Working from home used to be the dream of many employees. And while the evidence of previous years shows a trend in that direction, the pandemic has fast-forwarded us all into the age of remote work. Sheer necessity has overcome the prior reluctance of many employers.
But is it here to stay? High-profile companies like Twitter, Facebook, and Google, for instance, have all declared extended periods of remote work for their employees. Yet that might be an easy decision for those in the tech industry. Your business will doubtless have to evaluate a different set of factors.
Before your employees start taking out a loan for the renovation of their home office, it’s only fair to ask: What are your long term plans for remote work?
An experiment with mixed success
Beyond addressing the immediate need to get things done, remote work offers some substantial two-way benefits. Employees don’t just get to skip the daily back-and-forth trip to the office; they save energy, expenses, and time.
All of those resources are suddenly freed up to be allocated as they wish. Usually, it’s towards well-being in some way; they can afford healthier food, or get regular exercise, for instance. Sometimes, they don’t mind funneling the extra time towards work. Either way, your business wins.
Besides the potential for happier and more productive workers, employers also benefit from cost savings. Few (or no) people reporting to the office means less energy consumption. It might even allow you to cut the commercial lease and go all-in on the virtual workplace.
However, as we now have several months of collective experience with working remotely, a few unforeseen issues have risen to prominence. Many have experienced challenges in collaborating and communicating effectively through online channels. The prolonged social isolation can harm mental health.
There are also industry-specific needs that remote work fails to address. The current state of virtual conferencing technology has a long way to go before it can plug the void left by physical events. If your business relies heavily on showcasing its products and services at trade shows or conferences, the existing tools might be inadequate for your needs.
Taking stock of the situation
Is remote work bringing success to your business, or is it just a stopgap solution? This is a question that relies heavily on measurement but also involves a certain degree of intuition, or gut feel.
Your first instinct will be to look at the numbers over the past few months; what do the metrics say? But a more critical question, perhaps, would be: are your KPIs still appropriate for a remote workforce? Numbers are meaningless without a bespoke analysis. When jobs shifted online, new performance-affecting factors came into play. Old metrics don’t take these into account.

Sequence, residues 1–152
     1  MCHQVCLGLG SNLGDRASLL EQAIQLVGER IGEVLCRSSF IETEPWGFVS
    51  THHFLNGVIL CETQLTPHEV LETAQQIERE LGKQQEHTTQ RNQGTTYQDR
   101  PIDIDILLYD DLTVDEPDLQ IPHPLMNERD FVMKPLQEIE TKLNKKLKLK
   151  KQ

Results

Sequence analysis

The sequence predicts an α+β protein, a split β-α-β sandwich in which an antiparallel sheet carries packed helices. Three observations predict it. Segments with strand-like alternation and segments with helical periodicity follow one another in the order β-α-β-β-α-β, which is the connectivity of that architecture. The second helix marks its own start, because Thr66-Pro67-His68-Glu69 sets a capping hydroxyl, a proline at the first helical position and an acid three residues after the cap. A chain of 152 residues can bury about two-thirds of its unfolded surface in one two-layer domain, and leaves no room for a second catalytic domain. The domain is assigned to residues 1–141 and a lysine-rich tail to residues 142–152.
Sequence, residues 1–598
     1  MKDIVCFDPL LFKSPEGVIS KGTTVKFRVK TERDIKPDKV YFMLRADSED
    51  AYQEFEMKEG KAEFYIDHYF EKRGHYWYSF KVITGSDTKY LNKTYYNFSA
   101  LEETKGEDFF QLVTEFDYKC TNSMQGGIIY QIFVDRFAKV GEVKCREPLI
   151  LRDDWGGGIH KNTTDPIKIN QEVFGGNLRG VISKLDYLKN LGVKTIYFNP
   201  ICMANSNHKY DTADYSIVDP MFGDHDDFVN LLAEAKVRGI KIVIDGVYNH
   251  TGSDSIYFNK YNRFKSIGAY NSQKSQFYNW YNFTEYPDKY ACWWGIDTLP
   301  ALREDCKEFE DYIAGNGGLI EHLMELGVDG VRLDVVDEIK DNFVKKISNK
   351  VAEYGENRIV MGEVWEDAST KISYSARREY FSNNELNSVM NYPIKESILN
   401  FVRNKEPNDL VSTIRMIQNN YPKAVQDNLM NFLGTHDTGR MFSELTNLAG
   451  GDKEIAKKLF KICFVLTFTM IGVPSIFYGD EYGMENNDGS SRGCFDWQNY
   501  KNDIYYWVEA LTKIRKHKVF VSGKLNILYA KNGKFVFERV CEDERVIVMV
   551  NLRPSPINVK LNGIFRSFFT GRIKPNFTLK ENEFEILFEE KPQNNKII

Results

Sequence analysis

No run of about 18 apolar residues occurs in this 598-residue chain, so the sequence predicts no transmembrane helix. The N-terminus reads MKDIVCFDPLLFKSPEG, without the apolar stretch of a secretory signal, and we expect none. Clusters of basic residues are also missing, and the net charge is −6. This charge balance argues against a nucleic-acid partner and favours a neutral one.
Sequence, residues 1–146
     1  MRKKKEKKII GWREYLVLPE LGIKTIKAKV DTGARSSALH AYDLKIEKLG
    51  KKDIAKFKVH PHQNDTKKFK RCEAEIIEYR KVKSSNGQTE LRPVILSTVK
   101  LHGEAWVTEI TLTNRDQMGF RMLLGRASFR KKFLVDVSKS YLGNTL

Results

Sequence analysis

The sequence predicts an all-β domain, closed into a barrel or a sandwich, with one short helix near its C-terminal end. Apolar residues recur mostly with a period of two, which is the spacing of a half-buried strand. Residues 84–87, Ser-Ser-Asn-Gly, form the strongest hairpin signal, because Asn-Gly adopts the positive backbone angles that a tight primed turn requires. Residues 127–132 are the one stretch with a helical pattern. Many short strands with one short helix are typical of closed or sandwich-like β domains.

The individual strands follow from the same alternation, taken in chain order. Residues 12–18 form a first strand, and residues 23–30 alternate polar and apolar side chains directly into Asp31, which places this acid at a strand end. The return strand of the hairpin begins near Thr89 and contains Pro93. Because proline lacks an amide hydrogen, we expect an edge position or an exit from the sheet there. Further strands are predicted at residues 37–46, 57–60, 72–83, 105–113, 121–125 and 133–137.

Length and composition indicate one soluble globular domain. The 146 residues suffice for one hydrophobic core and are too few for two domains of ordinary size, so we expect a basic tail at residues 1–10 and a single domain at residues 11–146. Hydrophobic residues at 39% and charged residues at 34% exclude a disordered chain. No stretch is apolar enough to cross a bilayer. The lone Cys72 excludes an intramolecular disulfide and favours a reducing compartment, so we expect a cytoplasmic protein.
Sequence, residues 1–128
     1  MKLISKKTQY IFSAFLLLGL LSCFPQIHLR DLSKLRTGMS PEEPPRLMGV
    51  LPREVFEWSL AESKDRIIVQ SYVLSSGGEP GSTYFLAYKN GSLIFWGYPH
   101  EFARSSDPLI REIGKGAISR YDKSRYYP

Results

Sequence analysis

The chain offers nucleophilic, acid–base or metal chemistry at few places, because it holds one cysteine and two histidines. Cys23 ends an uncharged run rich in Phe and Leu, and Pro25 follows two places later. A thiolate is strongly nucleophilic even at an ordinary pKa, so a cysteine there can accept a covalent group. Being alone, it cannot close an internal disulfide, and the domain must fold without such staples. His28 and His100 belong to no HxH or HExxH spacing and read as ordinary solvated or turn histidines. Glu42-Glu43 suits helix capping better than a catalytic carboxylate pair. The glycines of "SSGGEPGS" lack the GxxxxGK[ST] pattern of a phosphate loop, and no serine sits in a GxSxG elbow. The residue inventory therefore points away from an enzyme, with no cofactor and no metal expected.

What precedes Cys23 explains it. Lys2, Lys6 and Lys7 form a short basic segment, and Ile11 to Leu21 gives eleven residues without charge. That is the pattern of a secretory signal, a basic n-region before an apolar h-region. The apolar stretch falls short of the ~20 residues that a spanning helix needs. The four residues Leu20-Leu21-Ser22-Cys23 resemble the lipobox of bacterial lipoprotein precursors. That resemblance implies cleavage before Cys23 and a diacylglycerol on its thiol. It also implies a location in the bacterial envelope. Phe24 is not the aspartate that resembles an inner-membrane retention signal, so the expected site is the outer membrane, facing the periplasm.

For instance, what is the relation of screen time to employee performance? With the greater flexibility they enjoy working from home, people can choose whether to approach work with zealous intensity, or spread it out across the day while multitasking. Should you be concerned about that? Does it even matter as long as the job gets done? Those questions are impossible to answer if you don’t even have a system that’s tracking screen time and efficiency.
Beyond that, how do your employees feel about working from home? Everyone will have a unique experience under these arrangements. The common challenges mentioned above will have their specific details; new problems might come to light. These insights can only be gained if you regularly check in with everybody one-on-one to find out how they’re doing.
Looking at alternatives
The office of the future might be situated right inside our homes. But that scenario is far from certain. Surveys show that many employees are still willing to spend some time working outside of the house.
Gen Z, which will soon emerge as the youngest and most significant demographic in our labor pool, is significantly in favor of a hybrid workforce model. Perhaps younger people are keenly aware of the need for casual interactions and networking opportunities to take them further in their careers.
As it becomes clear that some business needs might never be adequately addressed through remote work, new alternatives will rise. Shared office spaces can evolve to meet the challenges of infectious diseases. Communal areas might be able to offer workers with a combination of workplace and accommodation. This can meet their needs for social interaction while also limiting contact and health risks.
As we move past the recent chaos, it’s vital to stay attuned to your business performance. We don’t face a binary choice between remote work and the traditional office. Know what will drive your success, and you can find the best option for your team.